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Saturday 23 September 2017

Find out how this Kildare farmer drives output on his dairy calf to beef farm

Joe Farrell rears and finishes Angus heifers and Friesian bulls on his farm at Castledermot, Co Kildare
Joe Farrell rears and finishes Angus heifers and Friesian bulls on his farm at Castledermot, Co Kildare

Farming Independent Team

JOE FARRELL and his family will host a Teagasc Green Acres Calf to Beef farm walk on their farm outside of Castledermot, Co Kildare on April 25, starting at 11.00am.

The event will focus on Joe`s system of production, calf rearing and health, grassland management and financial performance. The Farrells run a mixed farm consisting of both a tillage and dairy calf to beef enterprises.

The farm was traditionally split equally between the tillage and the calf to beef enterprises, but with the continued poor prices for grain over the last few years Joe has reseeded more tillage ground and increased the cattle numbers.

Prior to joining the Teagasc Green Acres calf to beef programme, Joe purchased 80 Angus/ Hereford heifers and 15 Friesian bull calves from the dairy herd in the March/April period each year.

The 15 Friesians were slaughtered in June of the following year at less than 16 months of age and the heifers at 22 to 24 months in the December to March period.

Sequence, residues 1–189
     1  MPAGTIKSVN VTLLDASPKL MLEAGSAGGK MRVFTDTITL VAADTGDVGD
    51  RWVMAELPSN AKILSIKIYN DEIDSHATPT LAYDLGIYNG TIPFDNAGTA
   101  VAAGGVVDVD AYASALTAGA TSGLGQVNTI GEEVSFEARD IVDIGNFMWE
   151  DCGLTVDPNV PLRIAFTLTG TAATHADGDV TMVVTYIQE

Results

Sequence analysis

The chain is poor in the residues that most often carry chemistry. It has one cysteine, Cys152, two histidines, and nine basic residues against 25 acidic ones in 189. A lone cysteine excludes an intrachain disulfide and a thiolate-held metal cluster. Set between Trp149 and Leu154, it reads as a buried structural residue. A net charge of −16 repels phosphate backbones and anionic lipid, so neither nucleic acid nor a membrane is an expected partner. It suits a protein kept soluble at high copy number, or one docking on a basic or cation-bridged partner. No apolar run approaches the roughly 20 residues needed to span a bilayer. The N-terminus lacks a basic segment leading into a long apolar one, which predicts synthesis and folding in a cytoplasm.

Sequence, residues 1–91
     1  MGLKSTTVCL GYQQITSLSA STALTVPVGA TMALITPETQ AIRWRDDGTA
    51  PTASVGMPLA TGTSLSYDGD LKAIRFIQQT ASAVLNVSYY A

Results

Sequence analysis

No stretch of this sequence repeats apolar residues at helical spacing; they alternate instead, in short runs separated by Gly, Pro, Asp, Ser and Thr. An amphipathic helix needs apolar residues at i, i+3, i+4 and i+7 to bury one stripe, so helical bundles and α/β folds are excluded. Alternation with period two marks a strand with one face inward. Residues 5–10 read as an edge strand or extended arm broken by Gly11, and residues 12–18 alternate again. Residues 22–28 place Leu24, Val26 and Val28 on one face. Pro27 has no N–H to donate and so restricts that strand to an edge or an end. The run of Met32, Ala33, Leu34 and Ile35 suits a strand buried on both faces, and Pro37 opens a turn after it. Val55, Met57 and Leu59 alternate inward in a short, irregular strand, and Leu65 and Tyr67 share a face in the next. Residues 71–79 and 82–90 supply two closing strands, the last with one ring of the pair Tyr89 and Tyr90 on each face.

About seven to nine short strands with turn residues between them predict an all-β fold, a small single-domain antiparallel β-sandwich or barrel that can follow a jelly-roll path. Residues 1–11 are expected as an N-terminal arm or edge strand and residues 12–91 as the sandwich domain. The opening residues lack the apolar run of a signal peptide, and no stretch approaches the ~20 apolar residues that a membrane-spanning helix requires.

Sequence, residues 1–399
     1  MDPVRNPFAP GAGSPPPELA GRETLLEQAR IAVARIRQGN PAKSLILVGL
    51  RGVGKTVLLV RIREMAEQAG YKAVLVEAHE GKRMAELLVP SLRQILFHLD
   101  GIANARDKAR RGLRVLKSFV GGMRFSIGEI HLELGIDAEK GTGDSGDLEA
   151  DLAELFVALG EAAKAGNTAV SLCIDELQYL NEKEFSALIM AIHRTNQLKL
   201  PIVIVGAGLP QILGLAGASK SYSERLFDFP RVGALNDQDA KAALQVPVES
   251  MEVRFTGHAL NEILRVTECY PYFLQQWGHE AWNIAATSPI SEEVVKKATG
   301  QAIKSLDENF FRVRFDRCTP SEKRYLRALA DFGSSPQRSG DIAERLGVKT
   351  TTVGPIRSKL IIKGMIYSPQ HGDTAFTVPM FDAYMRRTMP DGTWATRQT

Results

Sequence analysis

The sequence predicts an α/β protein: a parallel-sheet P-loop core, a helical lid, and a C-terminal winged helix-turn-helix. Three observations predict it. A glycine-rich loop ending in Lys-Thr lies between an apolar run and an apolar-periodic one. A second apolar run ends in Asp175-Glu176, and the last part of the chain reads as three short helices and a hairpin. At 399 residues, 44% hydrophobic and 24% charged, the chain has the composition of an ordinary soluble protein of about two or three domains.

Joe Farrell produced great quality first cut silage.
Joe Farrell produced great quality first cut silage.

Calves were always bought in at two to three weeks of age and reared on milk replacer, straw, fresh water plus concentrate for the first 10 weeks and then went to grass for their first grazing season receiving one kg of concentrate per day.

They were housed in mid to late November and fed silage and concentrates. the level of concentrate supplementation was based on the quality of the silage. The Friesian bulls were built up to ad lib feeding and slaughtered out of the shed in June.

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Following a second year at grass the heifers were housed full time on a straw bed and built up to five kgs of concentrates per day for finishing. Heifers were slaughtered from December to March out of the shed as they became fit.

The plan for Joe over the course of the Teagasc Green Acres programme is to drive output on the farm and sell more kilos of beef per hectare by utilising more grass. In order to do this Joe has decided to make a few farm management adjustments.

A grassland plan has been put in place where Joe will make better use of grazed grass through the introduction of a paddock system, grass measuring, maintaining soil fertility levels, getting cattle out earlier and also introducing a reseeding programme.

The numbers of calves reared on the farm has increased to approximately 140 over the last two years and an additional 30–40 weanlings are also bought in each autumn.

Due to the high cost of the Angus heifer calf and the lighter carcass at slaughter, Joe has decided to buy in more Friesian bull calves which will be castrated and slaughtered as steers from 24–28 months out of the shed and some off of grass in the third grazing season.

This will allow Joe to reduce the cost of purchasing calves, while also having a heavier carcass to sell. Joe has recently purchased a milk feeding cart which will greatly help reduce the labour involved in calf rearing.

Calves will be purchased as early as possible in February/March so that a strong calf will go to grass in the first season, this will allow more of the heifers to be slaughtered off grass before the second winter period, thereby reducing housing requirements.

Indo Farming